Jerry Blitzer was born in Poland in 1929 and spent his early years growing up in a comparatively well-to-do family in Kolbuszowa, a small town in central Poland. His father, part owner of a lumber mill and a flour mill, employed 120 people before the war.
Blitzer lost 31 family members in the Holocaust, among them his sister, three grandparents, aunts, uncles and first cousins. But he calls his survival a “parallel” Holocaust story because it happened “alongside” the Holocaust. Blitzer and his parents were among more than a quarter of a million people whose lives were unintentionally saved by Soviet leader Josef Stalin. They endured their own hardships in Siberia, unaware of the Holocaust that was taking place at home.
At the urging of Blitzer’s adult children, he wrote a book about his experience, called Through Ten Time Zones. In 2014, he printed 125 copies of the hardcover, 118-page volume for friends and family.
The book was edited by Farla Klaiman, a freelance editor who now works for the Azrieli Foundation. To the best of Blitzer’s knowledge, there isn’t another full-length memoir that reflects his experience.
Klaiman said that while she’s not familiar with every Holocaust memoir, there probably aren’t many about survivors who ended up in Siberia. She noted that it was not Blitzer’s choice to leave his home – he saw his town divided, and he saw many people die. “He was definitely affected by the Holocaust, both personally and in terms of his extended family.”
She added that she was struck by Blitzer’s sense of humour and his openness to learning and taking advantage of new opportunities after his education was interrupted at a young age.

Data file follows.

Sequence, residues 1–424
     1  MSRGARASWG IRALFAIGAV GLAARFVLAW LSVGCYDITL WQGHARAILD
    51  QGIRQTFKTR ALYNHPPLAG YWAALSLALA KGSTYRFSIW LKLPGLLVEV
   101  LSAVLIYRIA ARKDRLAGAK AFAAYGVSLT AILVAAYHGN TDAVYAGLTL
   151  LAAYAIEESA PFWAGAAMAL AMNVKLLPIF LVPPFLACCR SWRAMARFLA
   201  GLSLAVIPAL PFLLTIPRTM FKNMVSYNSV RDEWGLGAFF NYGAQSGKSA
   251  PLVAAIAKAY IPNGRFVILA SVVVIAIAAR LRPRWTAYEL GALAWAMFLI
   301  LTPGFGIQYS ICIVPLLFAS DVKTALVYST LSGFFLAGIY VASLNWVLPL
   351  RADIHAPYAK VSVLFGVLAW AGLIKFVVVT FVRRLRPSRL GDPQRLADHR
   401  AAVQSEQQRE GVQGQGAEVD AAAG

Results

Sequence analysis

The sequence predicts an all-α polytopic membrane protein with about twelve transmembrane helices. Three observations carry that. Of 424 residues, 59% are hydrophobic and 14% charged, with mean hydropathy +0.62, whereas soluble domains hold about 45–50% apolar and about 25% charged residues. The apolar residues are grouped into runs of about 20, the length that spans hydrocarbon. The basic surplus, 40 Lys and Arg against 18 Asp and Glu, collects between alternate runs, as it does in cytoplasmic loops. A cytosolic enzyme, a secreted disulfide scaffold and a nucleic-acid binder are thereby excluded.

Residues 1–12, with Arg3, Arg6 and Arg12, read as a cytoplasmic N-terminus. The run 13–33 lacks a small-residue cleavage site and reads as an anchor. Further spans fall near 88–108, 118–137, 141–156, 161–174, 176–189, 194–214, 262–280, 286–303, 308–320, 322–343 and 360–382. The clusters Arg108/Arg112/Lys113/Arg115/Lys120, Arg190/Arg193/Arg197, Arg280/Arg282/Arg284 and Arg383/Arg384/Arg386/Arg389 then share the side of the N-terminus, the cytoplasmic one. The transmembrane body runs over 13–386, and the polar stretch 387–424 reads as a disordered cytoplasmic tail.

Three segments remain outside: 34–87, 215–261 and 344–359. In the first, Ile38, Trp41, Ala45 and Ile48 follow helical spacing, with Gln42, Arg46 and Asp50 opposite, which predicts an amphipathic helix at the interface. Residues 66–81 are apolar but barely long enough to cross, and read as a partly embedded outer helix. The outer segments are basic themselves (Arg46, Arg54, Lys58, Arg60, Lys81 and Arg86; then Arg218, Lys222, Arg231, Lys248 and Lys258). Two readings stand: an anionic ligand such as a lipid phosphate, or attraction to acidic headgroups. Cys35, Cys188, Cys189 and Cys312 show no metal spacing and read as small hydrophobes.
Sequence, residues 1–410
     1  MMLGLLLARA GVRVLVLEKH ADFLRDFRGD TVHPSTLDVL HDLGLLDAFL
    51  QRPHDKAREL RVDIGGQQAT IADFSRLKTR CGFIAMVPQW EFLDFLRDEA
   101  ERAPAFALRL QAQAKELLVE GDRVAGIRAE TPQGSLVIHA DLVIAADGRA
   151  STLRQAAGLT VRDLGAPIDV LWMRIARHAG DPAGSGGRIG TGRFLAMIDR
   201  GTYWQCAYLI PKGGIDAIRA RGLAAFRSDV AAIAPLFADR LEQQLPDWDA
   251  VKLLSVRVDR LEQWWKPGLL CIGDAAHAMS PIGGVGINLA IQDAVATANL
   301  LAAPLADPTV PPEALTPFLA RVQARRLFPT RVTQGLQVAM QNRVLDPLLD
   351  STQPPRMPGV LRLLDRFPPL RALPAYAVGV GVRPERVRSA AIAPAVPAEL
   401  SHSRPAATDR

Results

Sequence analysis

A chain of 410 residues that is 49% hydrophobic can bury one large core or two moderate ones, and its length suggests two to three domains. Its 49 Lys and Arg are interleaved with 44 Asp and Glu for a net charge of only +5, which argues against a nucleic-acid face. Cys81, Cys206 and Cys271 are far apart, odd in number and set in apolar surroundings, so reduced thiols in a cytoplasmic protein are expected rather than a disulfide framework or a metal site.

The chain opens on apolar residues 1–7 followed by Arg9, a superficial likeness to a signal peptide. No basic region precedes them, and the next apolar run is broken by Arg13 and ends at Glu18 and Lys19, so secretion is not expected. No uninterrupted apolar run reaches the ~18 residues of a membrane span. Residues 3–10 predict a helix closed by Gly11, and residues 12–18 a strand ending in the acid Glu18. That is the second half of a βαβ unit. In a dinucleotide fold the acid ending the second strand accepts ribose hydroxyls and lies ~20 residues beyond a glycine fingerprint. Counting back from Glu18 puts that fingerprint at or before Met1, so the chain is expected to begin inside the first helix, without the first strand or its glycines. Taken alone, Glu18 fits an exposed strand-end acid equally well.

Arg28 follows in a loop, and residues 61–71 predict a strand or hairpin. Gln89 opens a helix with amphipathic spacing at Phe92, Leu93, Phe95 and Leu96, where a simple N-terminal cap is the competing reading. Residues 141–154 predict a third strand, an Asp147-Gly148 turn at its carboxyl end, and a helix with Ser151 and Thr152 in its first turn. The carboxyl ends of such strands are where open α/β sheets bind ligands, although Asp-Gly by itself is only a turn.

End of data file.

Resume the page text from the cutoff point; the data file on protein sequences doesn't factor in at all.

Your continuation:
In 1940, Blitzer and his parents were living in Sambor, in the Soviet-occupied part of Poland, and they were sent to Siberia for refusing to become Soviet citizens. Blitzer’s younger sister had been left in the German-occupied area with her grandparents.
Blitzer’s mother had intended to return to her parents the same day she took her son to his father, one of many Jewish men who had fled east to avoid being sent to German labour camps. The crossing, at a border that was supposed to be open, didn’t go as planned. Mother and son endured a harrowing river crossing on foot and spent two days in jail before they were reunited with Blitzer’s father.
The trio was sent on an arduous journey in overcrowded trains with no toilets. They travelled beyond Irkutsk to an old Siberian mining town that Blitzer described in the book as “thousands of kilometres and 10 time zones away from home, ” where temperatures would dip as low as -60 C.
Isolated for the duration of the war, the displaced group of which Blitzer was a part refused to believe the stories they eventually heard about the fate of friends, family and an unfathomable number of other Jews who had been killed by the Nazis. At first, they thought the stories were propaganda.
Blitzer, who speaks seven languages, had a piecemeal education during as well as after the war, when he lived with relatives in Paris, then Antwerp.
In Paris, he attended the ORT school, which offered a combination of vocational and regular classes, and in Belgium, he became a diamond cutter and studied Jewish texts with a rabbi. Private English lessons that he had taken earlier proved useful when he moved to New York, where he lived for 15 years and became co-owner of a luncheonette.
In 1965, he and his wife, Fila, moved with their children to Toronto, where Jerry joined his brother-in-law in the lumber business.
Now a grandfather of six, Blitzer retired at age 61 to devote himself to community work. Plaques, certificates and letters of appreciation testify to his dedication to organizations including Toronto Jewish Free Loan Cassa (now Jewish Free Loan Toronto), Jewish National Fund, State of Israel Bonds and B’nai Brith Canada.
He has been a frequent traveller to Israel, and went back to Poland with his wife in 1975, before such visits were common.
“People can’t believe that I remember everything,” Blitzer said, referring to the number of details he included in the book. On his visit to Poland in 1975, he directed a taxi driver to his grandfather’s house, recalling landmarks that he used to see when he visited every summer as a child.
He would encourage other survivors whose lives “were parallel to the Holocaust” to write about their experiences too.
Frances Kraft is a freelance writer who lives in Toronto.